Bottled Water Drains Natural Resources

by Emily Arnold, Earth Policy Institute © 2006

Global consumption of bottled water reached 154 billion litres (41 billion US gallons) in 2004, up 57 percent from the 98 billion litres consumed fi ve years earlier. Even in areas where tap water is safe to drink, demand for bottled water is increasing— producing unnecessary garbage and consuming vast quantities of energy. Although in the industrial world bottled water is often no healthier than tap water, it can cost up to 10,000 times more. At as much as $2.50 per litre ($10 per gallon), bottled water costs more than gasoline. The United States is the world’s leading consumer of bottled water, with Americans drinking 26 billion litres in 2004, or approximately one 8- ounce glass per person every day. Mexico has the second highest consumption, at 18 billion litres.China and Brazil follow, at close to 12 billion liters each. Italians drink the most bottled water per person, at nearly 184 liters in 2004—more than two glasses a day. 

Transportation 

In contrast to tap water, which is distributed through an energy-effi cient infrastructure, transporting bottled water long distances involves burning massive quantities of fossil fuels. Nearly a quarter of all bottled water crosses national borders to reach consumers, transported by boat, train, and truck. 

Packaging in Plastic 

Fossil fuels are also used in the packaging of water. The most commonly used plastic for making water bottles is polyethylene terephthalate (PET), which is derived from crude oil. Worldwide, some 2.7 million tons of plastic are used to bottle water each year. After the water has been consumed, the plastic bottle must be disposed of. According to the Container Recycling Institute, 86 percent of plastic water bottles used in the United States become garbage or litter. Incinerating used bottles produces toxic byproducts such as chlorine gas and ash containing heavy metals. Buried water bottles can take up to 1,000 years to biodegrade. Almost 40 percent of the PET bottles that were deposited for recycling in the United States in 2004 were actually exported, sometimes to as far away as China—adding to the resources used by this product.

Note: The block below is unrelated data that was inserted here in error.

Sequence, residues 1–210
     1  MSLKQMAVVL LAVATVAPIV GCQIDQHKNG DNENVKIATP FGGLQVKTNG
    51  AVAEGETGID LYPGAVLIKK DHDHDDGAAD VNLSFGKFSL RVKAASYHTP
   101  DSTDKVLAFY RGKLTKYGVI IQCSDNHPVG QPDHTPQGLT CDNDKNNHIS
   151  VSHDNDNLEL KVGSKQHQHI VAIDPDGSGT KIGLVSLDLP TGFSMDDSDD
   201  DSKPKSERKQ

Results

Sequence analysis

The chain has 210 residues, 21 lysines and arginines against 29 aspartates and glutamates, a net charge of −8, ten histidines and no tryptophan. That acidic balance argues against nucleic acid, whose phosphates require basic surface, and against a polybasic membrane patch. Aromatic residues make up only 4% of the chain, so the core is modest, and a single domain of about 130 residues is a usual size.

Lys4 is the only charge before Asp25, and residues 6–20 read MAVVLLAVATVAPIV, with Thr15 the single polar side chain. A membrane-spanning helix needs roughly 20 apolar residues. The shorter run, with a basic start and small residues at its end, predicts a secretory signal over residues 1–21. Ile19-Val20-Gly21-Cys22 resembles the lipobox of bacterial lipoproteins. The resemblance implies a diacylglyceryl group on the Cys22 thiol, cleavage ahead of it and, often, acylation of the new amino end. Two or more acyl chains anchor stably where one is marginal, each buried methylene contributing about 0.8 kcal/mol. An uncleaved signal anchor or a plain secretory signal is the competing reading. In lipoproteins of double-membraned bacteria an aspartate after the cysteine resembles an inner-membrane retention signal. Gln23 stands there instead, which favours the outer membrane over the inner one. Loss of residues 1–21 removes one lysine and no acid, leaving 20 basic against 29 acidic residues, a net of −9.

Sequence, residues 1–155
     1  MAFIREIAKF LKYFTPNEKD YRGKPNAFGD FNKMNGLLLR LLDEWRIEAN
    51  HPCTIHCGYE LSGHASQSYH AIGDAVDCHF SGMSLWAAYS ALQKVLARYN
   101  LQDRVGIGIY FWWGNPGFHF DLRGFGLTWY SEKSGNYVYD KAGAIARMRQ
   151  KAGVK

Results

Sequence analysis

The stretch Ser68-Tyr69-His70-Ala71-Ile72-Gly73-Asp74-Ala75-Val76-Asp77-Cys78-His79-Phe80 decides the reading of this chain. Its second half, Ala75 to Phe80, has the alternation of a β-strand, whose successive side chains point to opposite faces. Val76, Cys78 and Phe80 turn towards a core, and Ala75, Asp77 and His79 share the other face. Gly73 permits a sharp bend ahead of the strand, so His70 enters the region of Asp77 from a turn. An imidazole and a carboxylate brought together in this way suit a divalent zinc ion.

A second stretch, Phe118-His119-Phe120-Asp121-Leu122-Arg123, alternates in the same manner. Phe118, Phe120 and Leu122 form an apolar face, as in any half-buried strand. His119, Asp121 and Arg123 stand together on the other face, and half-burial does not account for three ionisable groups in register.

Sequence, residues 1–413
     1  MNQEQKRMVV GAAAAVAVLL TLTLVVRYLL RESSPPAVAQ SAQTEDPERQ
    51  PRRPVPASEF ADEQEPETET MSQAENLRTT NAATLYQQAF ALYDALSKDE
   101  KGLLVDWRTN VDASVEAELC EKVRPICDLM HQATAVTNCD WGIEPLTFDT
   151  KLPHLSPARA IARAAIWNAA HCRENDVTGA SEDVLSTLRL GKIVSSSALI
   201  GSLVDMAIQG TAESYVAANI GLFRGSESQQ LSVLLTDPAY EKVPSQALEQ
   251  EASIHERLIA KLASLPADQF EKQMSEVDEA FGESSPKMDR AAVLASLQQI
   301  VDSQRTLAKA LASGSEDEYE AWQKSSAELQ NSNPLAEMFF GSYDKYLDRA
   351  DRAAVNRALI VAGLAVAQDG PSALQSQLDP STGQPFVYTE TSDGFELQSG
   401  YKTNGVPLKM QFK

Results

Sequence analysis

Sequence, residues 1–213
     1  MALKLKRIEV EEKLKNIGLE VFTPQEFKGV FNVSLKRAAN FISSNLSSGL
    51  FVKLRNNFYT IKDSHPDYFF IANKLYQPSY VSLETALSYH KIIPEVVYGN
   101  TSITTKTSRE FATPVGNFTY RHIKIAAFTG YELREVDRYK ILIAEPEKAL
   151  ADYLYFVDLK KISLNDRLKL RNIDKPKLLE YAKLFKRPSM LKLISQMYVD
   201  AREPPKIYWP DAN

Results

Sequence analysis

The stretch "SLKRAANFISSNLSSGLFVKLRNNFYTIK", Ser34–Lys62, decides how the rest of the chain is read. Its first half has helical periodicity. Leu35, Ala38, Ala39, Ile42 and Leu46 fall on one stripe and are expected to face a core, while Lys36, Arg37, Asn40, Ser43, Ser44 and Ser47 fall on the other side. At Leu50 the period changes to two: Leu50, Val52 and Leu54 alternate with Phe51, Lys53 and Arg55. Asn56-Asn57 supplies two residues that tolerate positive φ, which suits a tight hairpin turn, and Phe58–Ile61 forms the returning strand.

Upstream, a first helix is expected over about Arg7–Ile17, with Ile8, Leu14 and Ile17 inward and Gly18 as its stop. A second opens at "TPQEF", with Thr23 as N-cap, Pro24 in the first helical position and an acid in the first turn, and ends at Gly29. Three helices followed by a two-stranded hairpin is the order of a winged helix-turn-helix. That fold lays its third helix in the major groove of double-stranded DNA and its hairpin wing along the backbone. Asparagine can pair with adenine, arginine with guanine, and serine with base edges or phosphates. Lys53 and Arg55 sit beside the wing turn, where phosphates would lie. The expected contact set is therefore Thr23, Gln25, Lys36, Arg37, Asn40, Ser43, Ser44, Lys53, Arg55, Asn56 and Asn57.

Water Shortages

In addition to the strains bottled water puts on our ecosystem through its production and transport, the rapid growth in this industry means that water extraction is concentrated in communities where bottling plants are located. For example, water shortages near beverage bottling plants have been reported in Texas and in the Great Lakes region of North America. Farmers, fi shers, and others who depend on water for their livelihoods suffer from the concentrated water extraction when water tables drop quickly. Studies show that consumers associate bottled water with healthy living. But bottled water is not guaranteed to be any healthier than tap water. In fact, roughly 40 percent of bottled water begins as tap water; often the only difference is added minerals that have no marked health benefi t. The French Senate even advises people who drink bottled mineral water to change brands frequently because the added minerals are helpful in small amounts but may be dangerous in higher doses. 

$100 Billion Would Treat Water For the World 

There is no question that clean, affordable drinking water is essential to the health of our global community. But bottled water is not the answer in the developed world, nor does it solve problems for the 1.1 billion people who lack a secure water supply. Improving and expanding existing water treatment and sanitation systems is more likely to provide safe and sustainable sources of water over the long term. In villages, rainwater harvesting and digging new wells can create more affordable sources of water. The United Nations Millennium Development Goal for environmental sustainability calls for halving the proportion of people lacking sustainable access to safe drinking water by 2015. Meeting this goal would require doubling the $15 billion a year that the world currently spends on water supply and sanitation. While this amount may seem large, it pales in comparison to the estimated $100 billion spent each year on bottled water. 

http://www.earth-policy.org/ See Also: Lester R. Brown, Plan B 2.0: Rescuing a Planet Under Stress and a Civilization in Trouble (New York: W.W. Norton & Company, 2006).

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[From WS March/April 2006]

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